As is the faith of all breeds, the commercialization and popularization of a breed for the primarily purpose of satisfying the public's demand with emphasis on aesthetics over function results in the inevitable demise of the breed. Form must always follow function if breed integrity is to be maintained. The issue with the TM is of concern, in that this breed is in reality at present a reconstituted breed, with few pure TM specimens having survived. Multiple different breeds were likely incorporated in the TM genetic pool in recent years. Certainly the Chow, Newfoundland, Bernese Mountain Dog, and perhaps Caucasian Ovcharka to name a few. With some egomaniacal nouveau riche person purchasing a TM for $2 mil, many breeders will then strive to create a dog that the next fool will throw money after, with little concern for the functional capabilities of the dog, so long as it has the "right" look and color, with the lions mane. Few very wealthy Chinese will purchase the TM for its guarding instincts, but rather for its aesthetics and the prestige and attention bestowed the owner by others. They wish to impress and announce to the world, here I am, I am filthy rich, look at me. To that end a rare breed held in high cultural esteem is able to accomplish the task, regardless of its functional capabilities.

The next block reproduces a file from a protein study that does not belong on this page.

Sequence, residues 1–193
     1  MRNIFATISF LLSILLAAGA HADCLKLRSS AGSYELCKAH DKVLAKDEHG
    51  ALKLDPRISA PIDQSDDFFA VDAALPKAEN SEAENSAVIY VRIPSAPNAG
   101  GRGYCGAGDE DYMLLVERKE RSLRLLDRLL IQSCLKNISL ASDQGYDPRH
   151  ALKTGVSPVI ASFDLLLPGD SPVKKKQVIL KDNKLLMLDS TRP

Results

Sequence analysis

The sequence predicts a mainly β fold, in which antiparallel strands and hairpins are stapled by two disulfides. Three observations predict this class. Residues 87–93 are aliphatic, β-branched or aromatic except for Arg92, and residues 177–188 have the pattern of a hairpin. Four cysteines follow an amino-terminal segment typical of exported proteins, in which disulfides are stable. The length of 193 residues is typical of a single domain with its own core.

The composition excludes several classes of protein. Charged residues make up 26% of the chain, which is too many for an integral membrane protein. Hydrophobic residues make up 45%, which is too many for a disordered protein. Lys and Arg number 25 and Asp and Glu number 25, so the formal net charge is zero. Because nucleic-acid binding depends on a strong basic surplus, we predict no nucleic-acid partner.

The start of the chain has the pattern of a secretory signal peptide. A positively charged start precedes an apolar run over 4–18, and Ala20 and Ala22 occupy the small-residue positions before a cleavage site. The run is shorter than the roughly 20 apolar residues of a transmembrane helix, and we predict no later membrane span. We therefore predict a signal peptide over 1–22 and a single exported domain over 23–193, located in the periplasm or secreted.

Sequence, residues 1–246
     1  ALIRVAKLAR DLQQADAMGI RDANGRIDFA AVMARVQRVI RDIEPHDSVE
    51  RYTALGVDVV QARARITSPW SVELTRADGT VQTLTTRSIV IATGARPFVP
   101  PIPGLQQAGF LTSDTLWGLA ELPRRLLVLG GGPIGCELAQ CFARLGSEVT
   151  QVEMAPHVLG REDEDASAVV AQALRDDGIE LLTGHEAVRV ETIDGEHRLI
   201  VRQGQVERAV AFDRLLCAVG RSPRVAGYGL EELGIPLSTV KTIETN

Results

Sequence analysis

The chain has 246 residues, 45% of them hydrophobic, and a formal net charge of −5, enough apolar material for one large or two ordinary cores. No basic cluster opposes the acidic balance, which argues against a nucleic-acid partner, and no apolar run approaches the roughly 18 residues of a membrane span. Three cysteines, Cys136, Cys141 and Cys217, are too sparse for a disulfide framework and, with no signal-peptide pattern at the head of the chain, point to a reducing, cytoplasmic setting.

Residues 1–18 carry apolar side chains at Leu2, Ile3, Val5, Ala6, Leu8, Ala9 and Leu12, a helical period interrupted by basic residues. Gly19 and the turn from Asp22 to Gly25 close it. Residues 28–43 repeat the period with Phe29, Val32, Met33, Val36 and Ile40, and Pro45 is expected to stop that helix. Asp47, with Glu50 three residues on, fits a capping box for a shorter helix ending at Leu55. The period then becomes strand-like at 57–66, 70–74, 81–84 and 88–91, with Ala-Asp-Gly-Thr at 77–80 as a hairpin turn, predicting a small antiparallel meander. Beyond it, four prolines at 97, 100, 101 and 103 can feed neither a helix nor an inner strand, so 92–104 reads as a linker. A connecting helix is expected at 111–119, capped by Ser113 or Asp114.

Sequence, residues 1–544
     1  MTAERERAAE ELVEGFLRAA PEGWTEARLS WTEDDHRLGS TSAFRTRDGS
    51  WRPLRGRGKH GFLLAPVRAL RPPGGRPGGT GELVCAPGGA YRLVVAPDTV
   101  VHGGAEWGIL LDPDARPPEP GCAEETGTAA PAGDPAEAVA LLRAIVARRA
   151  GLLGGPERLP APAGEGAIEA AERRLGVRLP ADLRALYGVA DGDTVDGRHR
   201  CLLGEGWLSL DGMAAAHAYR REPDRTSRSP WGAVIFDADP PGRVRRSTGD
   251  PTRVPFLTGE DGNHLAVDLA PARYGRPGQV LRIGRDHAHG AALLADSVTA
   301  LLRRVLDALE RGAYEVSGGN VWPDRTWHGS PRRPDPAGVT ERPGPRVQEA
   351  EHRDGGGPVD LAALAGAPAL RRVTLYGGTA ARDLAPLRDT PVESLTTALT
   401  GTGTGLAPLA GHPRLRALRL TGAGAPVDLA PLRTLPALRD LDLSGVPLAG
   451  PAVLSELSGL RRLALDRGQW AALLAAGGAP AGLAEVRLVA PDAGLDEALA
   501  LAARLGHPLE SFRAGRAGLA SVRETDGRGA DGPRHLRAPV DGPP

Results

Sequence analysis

I have always preferred large athletic dogs, with emphasis on athleticism and temperament. However, size without proper structure, locomotion/kinesiology, and breed specific temperament is of little value to me or the dog.
I have owned two Bernese Mountain Dogs, both of whom were excellent male specimen, superior to what is often seen today. What happened to this breed, as i currently see many poor specimen. Humans can be a bit crazy and inventive when it comes to dogs and aesthetics. I remember one show judge informing me that the white on the Berners chest must be in the shape of a Swiss Cross. I looked at this judge and thought to myself WTF is this imbecile talking about. How and why should anyone make it their ambition to ensure that markings on a breed resemble a swiss cross ( I always preferred the Celtic cross myself). How can this benefit a dog functionally, and what other genetic cross-links will be realized unintentionally when selectively breeding for white swiss cross chest markings?